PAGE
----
Persons in whom white light bronchoscopic examination is contraindicated including:
Persons with known bleeding disorder or members on anticoagulant therapy;
Persons with uncontrolled hypertension (systolic pressure greater than 200 mm Hg, diastolic pressure greater than 120 mm Hg);
Persons with unstable angina;
Persons with white blood count less than 2,000 cells/microliter (ul) or greater than 20,000 cells/ul and/or platelet count less than 50,000/mm3.
Persons in whom fluorescence examination is contraindicated including:
Persons who are on, or have received chemo-preventive drugs (e.g., retinoic acid) within 3 months prior to the procedure;
Persons who have received cytotoxic chemotherapy agents systemically within 6 months prior to the procedure;
Persons who have received fluorescent photosensitizing agents (hematoporphoryn derivatives) within 3 months prior to the procedure;
Persons who have received ionizing radiation treatment to the chest within 6 months prior to the procedure.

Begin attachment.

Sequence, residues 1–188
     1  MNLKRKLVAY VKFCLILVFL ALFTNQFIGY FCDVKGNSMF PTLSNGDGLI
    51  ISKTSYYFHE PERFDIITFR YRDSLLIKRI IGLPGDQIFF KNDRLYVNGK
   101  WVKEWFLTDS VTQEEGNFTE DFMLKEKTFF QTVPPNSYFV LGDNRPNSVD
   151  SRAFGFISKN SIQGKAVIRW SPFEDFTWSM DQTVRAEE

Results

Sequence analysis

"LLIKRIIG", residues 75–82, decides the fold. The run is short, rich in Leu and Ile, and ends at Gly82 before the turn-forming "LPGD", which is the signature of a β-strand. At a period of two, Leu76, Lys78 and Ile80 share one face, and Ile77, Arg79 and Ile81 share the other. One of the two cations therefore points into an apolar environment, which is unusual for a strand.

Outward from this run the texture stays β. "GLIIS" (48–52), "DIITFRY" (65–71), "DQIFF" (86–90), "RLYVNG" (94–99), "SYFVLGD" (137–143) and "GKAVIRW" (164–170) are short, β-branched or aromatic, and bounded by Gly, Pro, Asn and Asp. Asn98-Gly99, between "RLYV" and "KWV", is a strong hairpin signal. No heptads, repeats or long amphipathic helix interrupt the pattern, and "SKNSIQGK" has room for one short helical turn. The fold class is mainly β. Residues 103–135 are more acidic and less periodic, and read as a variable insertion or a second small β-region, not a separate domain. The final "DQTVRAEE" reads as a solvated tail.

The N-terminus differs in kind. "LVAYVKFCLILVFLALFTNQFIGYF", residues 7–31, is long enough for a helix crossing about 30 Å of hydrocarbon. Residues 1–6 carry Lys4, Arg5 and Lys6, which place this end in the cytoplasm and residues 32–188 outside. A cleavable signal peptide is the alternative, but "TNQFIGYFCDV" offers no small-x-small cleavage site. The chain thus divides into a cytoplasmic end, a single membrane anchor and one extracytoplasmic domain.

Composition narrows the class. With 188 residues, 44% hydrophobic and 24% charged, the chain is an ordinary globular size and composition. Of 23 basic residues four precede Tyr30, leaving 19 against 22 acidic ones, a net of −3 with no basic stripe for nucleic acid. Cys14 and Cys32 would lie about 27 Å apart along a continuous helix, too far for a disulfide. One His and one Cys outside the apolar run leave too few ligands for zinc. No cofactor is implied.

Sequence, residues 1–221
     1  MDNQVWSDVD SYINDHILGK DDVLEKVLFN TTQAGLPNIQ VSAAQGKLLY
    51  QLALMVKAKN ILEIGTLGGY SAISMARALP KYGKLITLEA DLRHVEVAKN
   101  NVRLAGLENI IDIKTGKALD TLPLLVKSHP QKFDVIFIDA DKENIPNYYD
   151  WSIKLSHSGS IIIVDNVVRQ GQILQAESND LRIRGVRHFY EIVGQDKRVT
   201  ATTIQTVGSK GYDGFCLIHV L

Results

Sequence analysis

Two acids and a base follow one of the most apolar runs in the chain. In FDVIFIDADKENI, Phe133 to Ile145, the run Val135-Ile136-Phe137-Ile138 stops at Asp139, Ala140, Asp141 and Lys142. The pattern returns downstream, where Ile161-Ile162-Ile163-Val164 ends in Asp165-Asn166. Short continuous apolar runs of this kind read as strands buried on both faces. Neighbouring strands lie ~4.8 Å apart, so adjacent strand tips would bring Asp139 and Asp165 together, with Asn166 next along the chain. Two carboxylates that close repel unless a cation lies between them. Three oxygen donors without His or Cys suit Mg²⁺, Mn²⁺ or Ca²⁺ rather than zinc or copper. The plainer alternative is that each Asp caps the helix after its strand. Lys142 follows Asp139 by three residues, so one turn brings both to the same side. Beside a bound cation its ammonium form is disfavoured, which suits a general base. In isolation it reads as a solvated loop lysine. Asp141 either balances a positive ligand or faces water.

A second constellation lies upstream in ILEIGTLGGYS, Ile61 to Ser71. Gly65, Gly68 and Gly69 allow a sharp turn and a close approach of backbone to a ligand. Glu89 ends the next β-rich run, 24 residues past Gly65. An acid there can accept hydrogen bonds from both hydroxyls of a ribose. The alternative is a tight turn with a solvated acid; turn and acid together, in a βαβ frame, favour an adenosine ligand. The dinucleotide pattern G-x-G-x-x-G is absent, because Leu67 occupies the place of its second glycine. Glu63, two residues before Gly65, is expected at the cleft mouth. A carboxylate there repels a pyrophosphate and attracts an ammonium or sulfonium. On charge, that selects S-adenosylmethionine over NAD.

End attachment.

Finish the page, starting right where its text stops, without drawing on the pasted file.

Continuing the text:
Short and colleagues (2011) stated that pre-neoplastic lesions of the bronchial tree have a high probability of developing into malignant tumors. Currently, the best method for localizing them for further treatment is a combined WLB and autofluorescence bronchoscopy (AFB) (WLB + AFB). The average specificity from large clinical trials for this combined detection method is approximately 60 %, leading to many false-positives. In a pilot study, these researchers examined if adding point laser Raman spectroscopy (LRS) to a WLB + AFB has the potential to improve the specificity of pre-neoplastic lesion detection and what the implication is to the detection sensitivity. An LRS system was developed to collect real-time, in-vivo lung spectra with a fiber optic catheter passed down the instrument channel of a bronchoscope. WLB + AFB imaging modalities were used to identify lesions from 26 subjects, from which 129 Raman spectra were measured. Multi-variate statistical analyses were performed on the spectra with a leave-one-out cross-validation. Clear in-vivo Raman spectra were obtained in 1 second. The location of individual Raman peaks in the spectra correlated well with the known positions of Raman peaks generated by lipids, proteins, and water molecules. Pre-neoplastic lesions were detected with a sensitivity of 96 % and a specificity of 91 %. The authors concluded that adding point LRS analysis to WLB + AFB imaging has the ability to detect pre-neoplastic lesions in real time with high sensitivity and specificity. They stated that the use of LRS has great potential for substantially reducing the number of false-positive biopsies associated with WLB + AFB with very little reduction in the detection sensitivity. These preliminary findings need to be validated by well-designed studies.